Aortic dissection is relatively uncommon. The condition most frequently occurs in men in their 60s and 70s. Symptoms of aortic dissection may mimic those of other diseases, often leading to delays in diagnosis. However, when an aortic dissection is detected early and treated promptly, the chance of survival greatly improves.

Aortic valve regurgitation — or aortic regurgitation — is a condition that occurs when your heart's aortic valve doesn't close tightly. Aortic valve regurgitation allows some of the blood that was just pumped out of your heart's main pumping chamber (left ventricle) to leak back into it.

The leakage may prevent your heart from efficiently pumping blood to the rest of your body. As a result, you may feel fatigued and short of breath.

Aortic valve regurgitation can develop suddenly or over decades. Once aortic valve regurgitation becomes severe, surgery is often required to repair or replace the aortic valve.

Aortic valve stenosis — or aortic stenosis — occurs when the heart's aortic valve narrows. This narrowing prevents the valve from opening fully, which obstructs blood flow from your heart into your aorta and onward to the rest of your body.

When the aortic valve is obstructed, your heart needs to work harder to pump blood to your body. Eventually, this extra work limits the amount of blood it can pump and may weaken your heart muscle.

If you have severe aortic valve stenosis, you'll usually need surgery to replace the valve. Left untreated, aortic valve stenosis can lead to serious heart problems.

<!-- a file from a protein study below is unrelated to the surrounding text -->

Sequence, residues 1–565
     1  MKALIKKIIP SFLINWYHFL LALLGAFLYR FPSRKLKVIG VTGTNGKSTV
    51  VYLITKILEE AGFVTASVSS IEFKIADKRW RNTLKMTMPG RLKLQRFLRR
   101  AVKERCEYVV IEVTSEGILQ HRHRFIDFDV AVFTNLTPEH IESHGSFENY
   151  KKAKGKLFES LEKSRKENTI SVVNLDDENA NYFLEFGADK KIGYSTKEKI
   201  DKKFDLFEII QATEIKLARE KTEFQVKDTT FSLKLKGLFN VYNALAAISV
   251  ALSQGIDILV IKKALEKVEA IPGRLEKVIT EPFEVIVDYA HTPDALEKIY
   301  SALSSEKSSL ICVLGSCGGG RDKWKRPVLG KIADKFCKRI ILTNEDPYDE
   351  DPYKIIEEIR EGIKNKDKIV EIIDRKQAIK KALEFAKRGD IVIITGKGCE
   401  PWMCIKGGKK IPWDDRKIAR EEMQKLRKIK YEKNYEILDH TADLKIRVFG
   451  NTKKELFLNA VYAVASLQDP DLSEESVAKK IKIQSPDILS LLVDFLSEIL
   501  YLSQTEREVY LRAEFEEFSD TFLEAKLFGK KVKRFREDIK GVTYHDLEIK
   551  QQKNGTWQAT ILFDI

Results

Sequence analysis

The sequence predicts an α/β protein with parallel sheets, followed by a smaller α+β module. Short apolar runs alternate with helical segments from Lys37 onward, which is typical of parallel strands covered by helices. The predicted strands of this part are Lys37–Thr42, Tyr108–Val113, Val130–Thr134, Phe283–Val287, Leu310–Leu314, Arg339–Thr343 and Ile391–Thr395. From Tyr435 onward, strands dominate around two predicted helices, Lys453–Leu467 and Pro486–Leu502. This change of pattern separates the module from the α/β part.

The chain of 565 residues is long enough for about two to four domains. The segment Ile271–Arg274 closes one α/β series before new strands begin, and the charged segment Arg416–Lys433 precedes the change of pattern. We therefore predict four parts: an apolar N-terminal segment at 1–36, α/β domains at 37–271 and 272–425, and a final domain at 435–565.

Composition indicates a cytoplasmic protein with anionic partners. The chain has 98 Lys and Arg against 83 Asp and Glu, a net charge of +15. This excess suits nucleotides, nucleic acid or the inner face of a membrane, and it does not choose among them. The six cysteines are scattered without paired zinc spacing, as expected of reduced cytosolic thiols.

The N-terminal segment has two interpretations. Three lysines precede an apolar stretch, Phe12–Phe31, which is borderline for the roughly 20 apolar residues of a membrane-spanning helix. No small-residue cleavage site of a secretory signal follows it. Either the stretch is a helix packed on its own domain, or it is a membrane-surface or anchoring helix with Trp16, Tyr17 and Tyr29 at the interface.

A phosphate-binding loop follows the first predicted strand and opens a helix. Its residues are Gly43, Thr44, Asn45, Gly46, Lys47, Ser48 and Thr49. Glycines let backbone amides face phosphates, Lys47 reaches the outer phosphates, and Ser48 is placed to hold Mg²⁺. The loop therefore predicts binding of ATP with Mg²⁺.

Aphasia is a condition that robs you of the ability to communicate. Aphasia can affect your ability to express and understand language, both verbal and written.

Aphasia typically occurs suddenly after a stroke or a head injury. But it can also come on gradually from a slowly growing brain tumor or a degenerative disease. The amount of disability depends on the location and the severity of the brain damage.

Once the underlying cause has been treated, the primary treatment for aphasia is speech therapy that focuses on relearning and practicing language skills and using alternative or supplementary communication methods. Family members often participate in the therapy process and function as communication partners of the person with aphasia.

Aplastic anemia is a condition that occurs when your body stops producing enough new blood cells. Aplastic anemia leaves you feeling fatigued and with a higher risk of infections and uncontrolled bleeding.

A rare and serious condition, aplastic anemia can develop at any age. Aplastic anemia may occur suddenly, or it can occur slowly and get worse over a long period of time. Treatment for aplastic anemia may include medications, blood transfusions or a stem cell transplant.

Appendicitis is an inflammation of the appendix, a finger-shaped pouch that projects from your colon on the lower right side of your abdomen. The appendix doesn't seem to have a specific purpose.

Appendicitis causes pain in your lower right abdomen. However, in most people, pain begins around the navel and then moves. As inflammation worsens, appendicitis pain typically increases and eventually becomes severe.

Although anyone can develop appendicitis, most often it occurs in people between the ages of 10 and 30. Standard treatment is surgical removal of the appendix.